(Repost from an earlier blog post published on the CUE blog last year.)
Hey teachers! Part of being a well-equipped educator is knowing both how and when to use a variety of tools and resources to lead our students in becoming better learners. Today, these tools are often electronic, which can add more complexity and stress if you are not used to using them on a regular basis.
Just like every book has a cover and every pair of scissors has a blade, every device in your classroom setup has an intentional design that serves a specific purpose. The key is to be able to define this purpose. This comes from understanding the features/benefits of the tool’s design and knowing how to manipulate these features to have full control over its integration in your classroom setup and, ultimately, in your teaching. Let’s think about a few ways in which we can better prepare ourselves for OWNING these technology tools in our classroom.
Why is This Thing in the Room?
Have you ever used another teacher’s classroom and were completely thrown off by the technology setup? “What is this rando cable hanging off of the desk and taped to the floor?” “Are there seriously three remotes?” What follows is this flowchart: Is the other teacher around? If so, can I ask them what the heck is up with their setup? Shoot, they are gone today. What is the phone number for the Tech Department again? Will they even pick up? Slowly crumple into a ball of stress.
Let’s take a big step back. Before you even walk into the other classroom, what are your GOALS for teaching that day? Will you need to show a slideshow of a student’s service learning trip (yes), play an audio clip of Michelle Obama’s speech (most likely), have students collaborate using Google Documents on their iPads (yup)? Good. Now that you have a better picture of what you and your students will most likely need to succeed during that class period let’s nail down the types of devices required, as well as the features we will need to use to provide the greatest benefit in learning.
Here are the most common categories of tools used in today’s classroom, including a few features:
Projector, TV, SmartBoard
Power button, power cable, video inputs, remote, settings menu
Wall speakers, portable speakers, TV audio, built-in computer speakers
Audio cable connection, volume control, power cable
iPad, Tablet, Laptop, Chromebook, iPod
Power/syncing cable, OS software, microphone, speakers, apps, settings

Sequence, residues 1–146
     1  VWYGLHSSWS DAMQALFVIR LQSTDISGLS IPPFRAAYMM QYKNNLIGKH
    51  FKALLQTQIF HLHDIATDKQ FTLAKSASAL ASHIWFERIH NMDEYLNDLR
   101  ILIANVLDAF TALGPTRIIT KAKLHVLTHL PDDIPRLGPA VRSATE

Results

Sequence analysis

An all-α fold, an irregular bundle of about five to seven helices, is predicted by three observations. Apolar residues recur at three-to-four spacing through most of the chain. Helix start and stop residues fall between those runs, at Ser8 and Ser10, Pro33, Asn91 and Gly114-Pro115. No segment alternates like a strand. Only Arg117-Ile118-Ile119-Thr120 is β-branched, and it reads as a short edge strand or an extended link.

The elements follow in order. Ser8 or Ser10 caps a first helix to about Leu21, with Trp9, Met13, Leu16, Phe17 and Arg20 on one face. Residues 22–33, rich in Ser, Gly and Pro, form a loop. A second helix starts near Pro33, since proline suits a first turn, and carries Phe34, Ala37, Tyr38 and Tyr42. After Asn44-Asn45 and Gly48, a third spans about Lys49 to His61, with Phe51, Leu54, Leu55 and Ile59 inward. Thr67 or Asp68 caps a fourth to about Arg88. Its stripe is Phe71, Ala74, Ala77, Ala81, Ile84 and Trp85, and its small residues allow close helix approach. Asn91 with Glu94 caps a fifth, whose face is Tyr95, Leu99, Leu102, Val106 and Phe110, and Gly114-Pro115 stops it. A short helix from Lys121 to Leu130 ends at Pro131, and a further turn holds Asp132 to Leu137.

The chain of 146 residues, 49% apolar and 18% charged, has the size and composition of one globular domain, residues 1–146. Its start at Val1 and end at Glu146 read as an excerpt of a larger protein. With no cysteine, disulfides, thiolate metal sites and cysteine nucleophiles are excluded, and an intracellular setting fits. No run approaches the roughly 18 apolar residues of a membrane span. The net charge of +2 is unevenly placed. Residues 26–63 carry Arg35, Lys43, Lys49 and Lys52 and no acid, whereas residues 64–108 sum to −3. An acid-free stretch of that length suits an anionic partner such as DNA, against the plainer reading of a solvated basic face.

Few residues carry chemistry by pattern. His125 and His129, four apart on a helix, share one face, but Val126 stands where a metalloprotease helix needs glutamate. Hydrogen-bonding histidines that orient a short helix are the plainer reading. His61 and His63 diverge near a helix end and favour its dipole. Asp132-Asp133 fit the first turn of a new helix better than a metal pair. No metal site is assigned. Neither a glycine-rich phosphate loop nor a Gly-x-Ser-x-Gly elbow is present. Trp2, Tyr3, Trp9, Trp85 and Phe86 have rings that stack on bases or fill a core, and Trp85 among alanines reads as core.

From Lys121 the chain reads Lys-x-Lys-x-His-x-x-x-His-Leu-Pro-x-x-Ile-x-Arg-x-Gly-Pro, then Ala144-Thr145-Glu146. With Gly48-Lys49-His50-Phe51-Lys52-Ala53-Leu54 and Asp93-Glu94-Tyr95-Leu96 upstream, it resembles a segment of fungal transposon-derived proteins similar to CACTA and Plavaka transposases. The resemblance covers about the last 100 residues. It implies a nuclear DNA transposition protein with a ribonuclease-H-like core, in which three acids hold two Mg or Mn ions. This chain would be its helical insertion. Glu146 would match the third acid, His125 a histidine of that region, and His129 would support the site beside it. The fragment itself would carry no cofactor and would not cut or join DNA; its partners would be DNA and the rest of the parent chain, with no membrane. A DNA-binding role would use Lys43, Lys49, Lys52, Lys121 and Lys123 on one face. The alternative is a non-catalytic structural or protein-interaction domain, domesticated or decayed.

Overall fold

Access Point (Router), ethernet cable, SSID (network name), settings
Let’s step forward again into the other teacher’s classroom setup. What type of display device is provided, and where is it in the room? Great, you found the TV. Now, where is the content stored that is being displayed? A Shared Photo folder on your laptop? Cool. How will the laptop be connected to the TV? Nice! That HDMI cable was almost hidden from view under the pile of papers on the desk. Is the TV powered on? If not, where is the remote? (etc., etc.)
Do you see how our line of thinking changed from major freakout stress ball mode to a more soothing, “I’m going to ask myself some essential tech setup questions” voice?
Draw Your Setup.
It can be challenging to truly understand your tech. setup without a visual illustration. Imagine if you were in the situation above. A basic illustration (from the teacher that normally uses that classroom) outlining the main tech tools, how they are connected (with labels), and where they physically are in the room could have helped, right?
This concept can also be useful when needing a stronger grasp of your OWN classroom setup as well. Learn what is in your room, why it is there, how things are connected (types of cables) and what features are available with that tool to enhance student learning. Then, DRAW IT.
Own Your Tech.
We have looked at the technology in a classroom setup that may initially seem foreign and uncomfortable. Your goal is to make that “weird” setup your own (in your own classroom) by mastering its flow, knowing all its intricacies and practicing being in the driver’s seat when it comes to troubleshooting.
In preparing for this next school year, what gaps do you have in the understanding of your tech setup (or a co-teacher’s)? What goals do you have for maybe mixing it up and trying something new? What resources do you have for finding out more information about a device/component, or learning how to troubleshoot more efficiently?
A great way to pull this all together for yourself in a nice little easy-to-reach package is by creating a digital Technology Resource Guide. It can include all of the information discussed in this blog post, plus whatever else you want to include! Here is an example of what this could look like.
Have a great "second half" of the school year! Let's OWN this.
Follow Emily on Twitter (@eh48) and read more about her technology escapades on her blog (tech4word.blogspot.com).